SharePoint People Search - to Sort or Not to Sort

People Search - People Search - People Search. There are some flaws in SharePoint's current People Search, both regarding functionality, the algorithms used for the "phonetic" search, the query suggestions, but also how the default search interface is set up. In this post I will talk about one specific topic - the sorting of People Search Results.

One common question I get from customers regarding SharePoint Search is:

"When I do a Search and get a bunch of people results back, most of the times I just don't understand the sorting - why isn't it sorted alphabetically?"

How are the results sorted by default?

So by default, the results are sorted in one single way - by rank/relevance. This means that it is sorted by what is calculated to be most relevant. This calculation is hidden in the dark and impossible for a regular end user to know about and even less to understand.

If you check the documentation there are a number of built in ranking models, and each ranking model has it's own set of rules that in the end gives each search result a ranking score. The higher the ranking score an item gets, the higher up in the search result it gets. I will not go into detail about the ranking but you can have a look here for more info.

The main issue here is that the users doesn't know by what dimension the results are sorted and also - even if they did, as a regular user you can't see why person X is ranked higher than person Y. So this is a clear source of confusion.

So what options are there?

How hard can it be? Just sort by first name and be done with it!

Let's sort by first name descending! That's simple enough - right?

Wrong - sorry.

Remember that when you do a search the Search Engine doesn't know if your search term is a first name, last name, department, some other searchable property or a combination of these. Sure, you can do some magic using query rules but still those are kind of limited in their abilities.

So let's say that you are searching for "Eric" and there are a lot, let's say over 50 users (this is not uncommon when the company has a size of medium/large) with the first name "Eric", however in this case you are searching for "Josef Erich".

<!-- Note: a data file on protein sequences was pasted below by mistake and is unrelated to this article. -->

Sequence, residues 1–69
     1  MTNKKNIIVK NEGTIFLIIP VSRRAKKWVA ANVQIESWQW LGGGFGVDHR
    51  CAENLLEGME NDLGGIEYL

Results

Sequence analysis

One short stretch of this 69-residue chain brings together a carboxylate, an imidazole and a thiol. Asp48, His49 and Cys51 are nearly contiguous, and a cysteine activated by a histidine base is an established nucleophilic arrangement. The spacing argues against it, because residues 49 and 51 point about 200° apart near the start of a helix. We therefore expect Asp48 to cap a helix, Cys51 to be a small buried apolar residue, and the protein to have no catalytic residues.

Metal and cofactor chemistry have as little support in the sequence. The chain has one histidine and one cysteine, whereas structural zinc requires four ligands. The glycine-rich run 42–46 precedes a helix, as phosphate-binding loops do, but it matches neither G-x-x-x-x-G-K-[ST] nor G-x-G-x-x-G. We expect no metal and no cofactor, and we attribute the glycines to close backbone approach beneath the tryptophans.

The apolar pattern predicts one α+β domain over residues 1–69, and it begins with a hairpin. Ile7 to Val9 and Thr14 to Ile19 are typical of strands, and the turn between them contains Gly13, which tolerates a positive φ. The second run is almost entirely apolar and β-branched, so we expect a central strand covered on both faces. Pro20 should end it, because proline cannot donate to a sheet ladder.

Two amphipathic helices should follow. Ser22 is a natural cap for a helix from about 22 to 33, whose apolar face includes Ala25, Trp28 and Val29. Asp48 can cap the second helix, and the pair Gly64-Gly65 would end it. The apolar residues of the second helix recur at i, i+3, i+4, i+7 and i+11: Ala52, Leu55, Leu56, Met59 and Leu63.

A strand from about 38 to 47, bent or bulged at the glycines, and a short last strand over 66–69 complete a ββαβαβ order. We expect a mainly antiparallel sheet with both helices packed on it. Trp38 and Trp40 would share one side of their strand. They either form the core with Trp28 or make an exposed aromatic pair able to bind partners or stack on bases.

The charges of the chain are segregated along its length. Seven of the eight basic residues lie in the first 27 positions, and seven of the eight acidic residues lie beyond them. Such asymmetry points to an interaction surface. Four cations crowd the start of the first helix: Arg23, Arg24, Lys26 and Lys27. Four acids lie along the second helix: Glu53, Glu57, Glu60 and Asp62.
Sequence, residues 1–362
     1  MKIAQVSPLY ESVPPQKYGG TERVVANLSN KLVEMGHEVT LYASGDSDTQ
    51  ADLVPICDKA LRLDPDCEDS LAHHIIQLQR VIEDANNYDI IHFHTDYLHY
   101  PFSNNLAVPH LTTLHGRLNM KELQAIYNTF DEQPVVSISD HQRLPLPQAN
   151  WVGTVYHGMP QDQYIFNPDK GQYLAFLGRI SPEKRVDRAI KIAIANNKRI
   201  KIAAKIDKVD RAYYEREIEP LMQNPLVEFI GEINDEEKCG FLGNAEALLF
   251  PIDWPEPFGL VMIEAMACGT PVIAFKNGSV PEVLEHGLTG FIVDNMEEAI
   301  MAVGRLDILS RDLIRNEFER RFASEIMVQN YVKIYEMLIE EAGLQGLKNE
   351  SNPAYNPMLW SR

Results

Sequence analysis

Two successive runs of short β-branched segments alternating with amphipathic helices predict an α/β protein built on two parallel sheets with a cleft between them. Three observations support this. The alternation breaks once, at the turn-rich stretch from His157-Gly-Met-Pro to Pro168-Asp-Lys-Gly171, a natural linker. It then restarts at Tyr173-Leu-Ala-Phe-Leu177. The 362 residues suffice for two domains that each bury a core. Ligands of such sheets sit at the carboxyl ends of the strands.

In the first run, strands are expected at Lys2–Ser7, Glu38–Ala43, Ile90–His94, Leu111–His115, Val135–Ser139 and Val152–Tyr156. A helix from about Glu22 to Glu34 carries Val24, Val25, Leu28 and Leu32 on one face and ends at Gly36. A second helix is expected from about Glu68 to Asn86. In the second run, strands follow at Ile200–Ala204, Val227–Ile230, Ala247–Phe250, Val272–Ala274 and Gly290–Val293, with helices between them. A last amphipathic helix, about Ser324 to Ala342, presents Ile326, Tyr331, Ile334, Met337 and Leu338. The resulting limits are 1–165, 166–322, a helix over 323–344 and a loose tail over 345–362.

If we were sorting by first name this would mean that you would have to click through something like 5 pages to get to your "Josef Erich" result. Not good, not good at all.

Basically - you can't just assume that one static sorting is a good option in all scenarios.

Ok, let's enable sorting choices!

So what is the simple solution? The simple solution is to enable the sorting dropdown so that the end user can select the sorting by them selves.

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To get this dropdown you edit the search result web part and activate a checkbox and update a json string. Remember that the properties you use needs to be configured to be sortable.
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Enabling this dropdown gives you the following effects:

a) The user understands that there is a sorting going on by default (relevance), it's not just random as it might seem.

b) It empowers the users - they can control the sorting according to their current search context needs.

Great - we are all good to go! Or are we really?

Think twice!

Hold up. Stop and think for a minute. We just established that the end users want's to be able to sort people - RIGHT?

Sorry - wrong again!

They don't want to be able to sort by name or relevance. THEY. DON'T. CARE. What they really want is to be able to find a specific person. Not to sort. Actually they don't want to search at all. They wan't to talk to a person or maybe read about them. They want to act and do their job - not search nor sort.

In a really good search solution you would not need sorting because there should not be more than one or a few results after typing your query. Well how do we do that? We have this big bulk of "Erics"....

Well with the out of the box functionality in SharePoint - it's not much you can do except maybe create some cool query rules that support some specific scenarios and also provide instructions on how to write more specific search queries. However, if we are honest - regular users will never learn that type of stuff and they shouldn't have to.

So what are your options?

a) Go the simple route with the sorting dropdown (works ok but feels like 2003 UI). If nothing else - it's better than the default configuration.

b) Customize the Search interface to provide interactive help to the users that helps them write the queries they need without knowing how, enabling them to do more specific searches. What you can do is you provide the user with interactive help that enables them to write queries like "Manager in Gothenburg" or "Nora from Sales Department".

c) It also helps if you add relevant refiners, this makes it easier to filter and thereby making the number of results less. Be aware that users tend not to see / use the refiners so you might consider other "more in your face" ui customizations to help the users.

Whatever you do - don't leave you SharePoint Search as is and expect users to like it.

If you need more information on SharePoint Search and how to make use of Search in your organisation - feel free to contact us.